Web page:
It’s up to us.
Barack Obama recently accused Republicans of facilitating Trump’s rise to power. But it’s not just the Republicans. We all feed into the reality show by not minding our minds–by not trusting the power of our own minds. We watch in fascination, eager for another duel to cheer. We are like spectators at a gladiator game, horrified and mesmerized.
I happened to be in Bhutan when the new king took power in 2008. I am struck by the contrast of his tone compared to the mud-slinging of our American politicians. Here is a quote from his inaugural address:
“As the king of a Buddhist nation, my duty is not only to ensure your happiness today but to create the fertile ground from which you may gain the fruits of spiritual pursuit and attain good Karma……I also pray that while I am but King of a small Himalayan nation, I may in my time be able to do much to promote the greater well being and happiness of all people in this world – of all sentient beings.”
As I watched the final debate between our presidential candidates last week, it occurred to me how shameful our manners are in American politics. We allow disrespect and harsh speech and cruel behavior to define the norm. Not only do we tolerate this atrociousness, but we celebrate it. We feed on sensationalism, through the media. It is a reflection of our own weakness as a culture that we require this sensationalism, as if it helps us maintain our connection to what we call our reality. It’s like we can not manage our own minds enough to settle down with the winds of change.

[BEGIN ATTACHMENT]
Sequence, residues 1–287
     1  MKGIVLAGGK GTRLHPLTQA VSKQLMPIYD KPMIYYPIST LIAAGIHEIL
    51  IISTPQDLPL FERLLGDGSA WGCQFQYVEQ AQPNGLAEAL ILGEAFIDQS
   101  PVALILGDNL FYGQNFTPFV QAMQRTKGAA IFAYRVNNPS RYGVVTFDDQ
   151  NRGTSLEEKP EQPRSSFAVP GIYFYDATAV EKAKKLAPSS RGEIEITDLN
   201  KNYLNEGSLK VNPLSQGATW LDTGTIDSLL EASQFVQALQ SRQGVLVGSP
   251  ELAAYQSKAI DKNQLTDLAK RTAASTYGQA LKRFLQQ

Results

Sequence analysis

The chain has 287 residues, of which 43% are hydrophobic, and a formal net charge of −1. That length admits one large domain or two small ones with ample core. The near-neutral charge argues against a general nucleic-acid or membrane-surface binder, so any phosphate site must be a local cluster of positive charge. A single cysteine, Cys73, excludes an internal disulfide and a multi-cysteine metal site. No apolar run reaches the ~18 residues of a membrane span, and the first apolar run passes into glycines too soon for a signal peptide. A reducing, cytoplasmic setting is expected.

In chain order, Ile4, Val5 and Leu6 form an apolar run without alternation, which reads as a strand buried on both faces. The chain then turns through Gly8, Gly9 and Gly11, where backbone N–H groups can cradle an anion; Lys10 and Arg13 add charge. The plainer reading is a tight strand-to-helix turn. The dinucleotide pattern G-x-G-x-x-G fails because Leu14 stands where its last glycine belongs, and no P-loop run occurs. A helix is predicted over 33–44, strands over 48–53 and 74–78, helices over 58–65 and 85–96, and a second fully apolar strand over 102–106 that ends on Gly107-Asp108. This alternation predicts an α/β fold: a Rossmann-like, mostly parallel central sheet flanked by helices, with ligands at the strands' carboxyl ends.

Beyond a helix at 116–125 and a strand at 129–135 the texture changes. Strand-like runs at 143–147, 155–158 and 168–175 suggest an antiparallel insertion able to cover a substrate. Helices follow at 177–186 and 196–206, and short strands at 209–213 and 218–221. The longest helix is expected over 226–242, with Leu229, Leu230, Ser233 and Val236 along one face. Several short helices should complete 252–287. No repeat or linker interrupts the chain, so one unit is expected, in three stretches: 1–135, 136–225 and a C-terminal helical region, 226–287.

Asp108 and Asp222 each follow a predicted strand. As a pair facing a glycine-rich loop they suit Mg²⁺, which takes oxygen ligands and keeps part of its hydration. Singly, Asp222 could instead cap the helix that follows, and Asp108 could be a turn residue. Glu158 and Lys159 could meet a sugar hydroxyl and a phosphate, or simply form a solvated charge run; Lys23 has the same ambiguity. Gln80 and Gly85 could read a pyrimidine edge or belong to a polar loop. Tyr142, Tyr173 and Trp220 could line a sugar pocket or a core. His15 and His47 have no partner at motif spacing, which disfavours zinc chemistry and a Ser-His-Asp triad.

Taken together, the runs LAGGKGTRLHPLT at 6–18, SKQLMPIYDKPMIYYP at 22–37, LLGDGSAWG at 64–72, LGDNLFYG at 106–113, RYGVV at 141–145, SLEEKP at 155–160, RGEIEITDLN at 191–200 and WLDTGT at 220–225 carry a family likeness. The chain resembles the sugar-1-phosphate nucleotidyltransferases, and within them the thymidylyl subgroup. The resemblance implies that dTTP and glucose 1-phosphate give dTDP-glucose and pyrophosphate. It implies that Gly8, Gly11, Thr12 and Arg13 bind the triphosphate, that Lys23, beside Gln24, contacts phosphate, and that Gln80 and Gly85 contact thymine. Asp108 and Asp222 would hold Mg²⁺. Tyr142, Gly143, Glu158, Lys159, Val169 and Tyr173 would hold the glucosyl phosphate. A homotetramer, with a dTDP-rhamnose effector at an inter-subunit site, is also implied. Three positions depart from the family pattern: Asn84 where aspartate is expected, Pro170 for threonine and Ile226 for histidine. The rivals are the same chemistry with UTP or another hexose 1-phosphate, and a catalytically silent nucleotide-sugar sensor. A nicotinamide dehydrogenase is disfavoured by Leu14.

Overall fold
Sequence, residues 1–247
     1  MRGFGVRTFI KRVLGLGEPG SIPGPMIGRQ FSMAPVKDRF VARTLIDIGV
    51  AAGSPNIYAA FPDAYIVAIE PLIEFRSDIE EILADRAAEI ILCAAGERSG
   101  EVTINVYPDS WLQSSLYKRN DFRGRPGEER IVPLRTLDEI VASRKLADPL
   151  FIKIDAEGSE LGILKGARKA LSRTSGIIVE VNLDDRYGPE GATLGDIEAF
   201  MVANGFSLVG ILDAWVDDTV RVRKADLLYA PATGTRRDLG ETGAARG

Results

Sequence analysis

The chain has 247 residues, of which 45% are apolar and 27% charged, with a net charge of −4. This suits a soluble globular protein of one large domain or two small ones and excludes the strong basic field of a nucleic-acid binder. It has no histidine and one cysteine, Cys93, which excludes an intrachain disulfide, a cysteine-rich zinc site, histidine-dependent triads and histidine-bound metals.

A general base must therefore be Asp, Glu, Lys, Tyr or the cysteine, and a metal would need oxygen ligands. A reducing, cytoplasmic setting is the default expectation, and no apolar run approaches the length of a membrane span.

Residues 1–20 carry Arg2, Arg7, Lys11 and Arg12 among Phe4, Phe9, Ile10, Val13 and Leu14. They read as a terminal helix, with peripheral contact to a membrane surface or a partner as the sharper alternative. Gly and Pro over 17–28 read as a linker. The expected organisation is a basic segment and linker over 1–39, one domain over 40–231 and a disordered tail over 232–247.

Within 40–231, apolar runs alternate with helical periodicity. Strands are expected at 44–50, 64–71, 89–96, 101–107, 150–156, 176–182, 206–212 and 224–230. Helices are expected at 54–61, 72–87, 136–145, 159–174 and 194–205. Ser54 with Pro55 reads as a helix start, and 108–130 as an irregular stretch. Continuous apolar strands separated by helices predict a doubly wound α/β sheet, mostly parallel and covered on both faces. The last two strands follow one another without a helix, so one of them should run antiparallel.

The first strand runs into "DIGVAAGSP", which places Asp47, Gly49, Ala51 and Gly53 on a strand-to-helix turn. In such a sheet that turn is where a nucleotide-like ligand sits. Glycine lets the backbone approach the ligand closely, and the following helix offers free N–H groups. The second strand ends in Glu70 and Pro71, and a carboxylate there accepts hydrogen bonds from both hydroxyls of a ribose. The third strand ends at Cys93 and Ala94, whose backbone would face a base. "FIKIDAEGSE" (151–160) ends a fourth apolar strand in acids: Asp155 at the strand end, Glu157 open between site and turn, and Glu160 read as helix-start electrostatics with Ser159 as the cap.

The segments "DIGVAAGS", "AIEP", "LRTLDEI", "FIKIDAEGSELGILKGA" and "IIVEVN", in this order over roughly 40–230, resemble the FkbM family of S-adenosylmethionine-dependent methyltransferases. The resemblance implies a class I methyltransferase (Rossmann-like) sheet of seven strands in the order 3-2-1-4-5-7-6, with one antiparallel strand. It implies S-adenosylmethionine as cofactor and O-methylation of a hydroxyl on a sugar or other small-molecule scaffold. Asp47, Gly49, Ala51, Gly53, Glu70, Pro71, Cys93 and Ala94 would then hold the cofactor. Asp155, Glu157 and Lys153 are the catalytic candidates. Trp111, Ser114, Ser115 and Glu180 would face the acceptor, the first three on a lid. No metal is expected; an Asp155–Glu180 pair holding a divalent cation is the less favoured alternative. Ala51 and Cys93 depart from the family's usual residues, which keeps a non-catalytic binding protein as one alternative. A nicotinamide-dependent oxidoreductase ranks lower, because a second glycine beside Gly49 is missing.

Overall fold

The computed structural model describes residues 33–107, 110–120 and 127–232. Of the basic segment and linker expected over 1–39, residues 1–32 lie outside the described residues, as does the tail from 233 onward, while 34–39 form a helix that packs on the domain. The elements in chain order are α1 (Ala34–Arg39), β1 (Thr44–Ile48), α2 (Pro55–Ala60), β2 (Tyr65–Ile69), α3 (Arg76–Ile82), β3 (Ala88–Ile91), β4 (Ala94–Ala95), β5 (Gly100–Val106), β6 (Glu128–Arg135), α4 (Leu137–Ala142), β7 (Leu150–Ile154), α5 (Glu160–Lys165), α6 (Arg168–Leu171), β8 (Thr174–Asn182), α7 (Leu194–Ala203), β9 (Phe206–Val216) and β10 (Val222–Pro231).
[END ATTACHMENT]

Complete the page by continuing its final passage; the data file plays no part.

Rather than worrying about who you Vote for, or where you are going to seek refuge if your candidate does not win, try working with your mind. You’ll have much more influence, and you’ll be much more at ease.
Don’t let the negative thoughts take control. If you have negative thoughts, replace them with kindness or forgiveness or tolerance. If you can’t do that, notice the space around the thought. If you can’t do that– it may sound cheesy, but try it –listen to some soothing music to calm your nervous system so you can rest in some sense of ease. Because it’s only by working with our own minds, creating a sense of ease within each one of us that we are going to be able to create harmony on an outer level. This is what a pilgrim practices.
It’s amazing to me how strongly this election has divided the U.S. It’s alarming to see how much aggression rules the show. I wonder what would happen if we were to take the stance of the Bhutanese king and seek to benefit sentient beings.
We could all do our part as responsible citizens right now. You can do this by making a commitment to be of benefit to yourself and to others by shifting your mindset from being a refugee to being a pilgrim.
Reframe your experience:
- Identify an issue in the news that you would like to change. For example, I am disturbed that our politicians talk to and about each other in such harsh ways.
- Internalize the issue and ask yourself how your own viewpoint could change. Using the above example, I could ask myself how I could speak to myself and others in a more compassionate manner.
- Write without stopping until you discover an insight that a pilgrim might seek.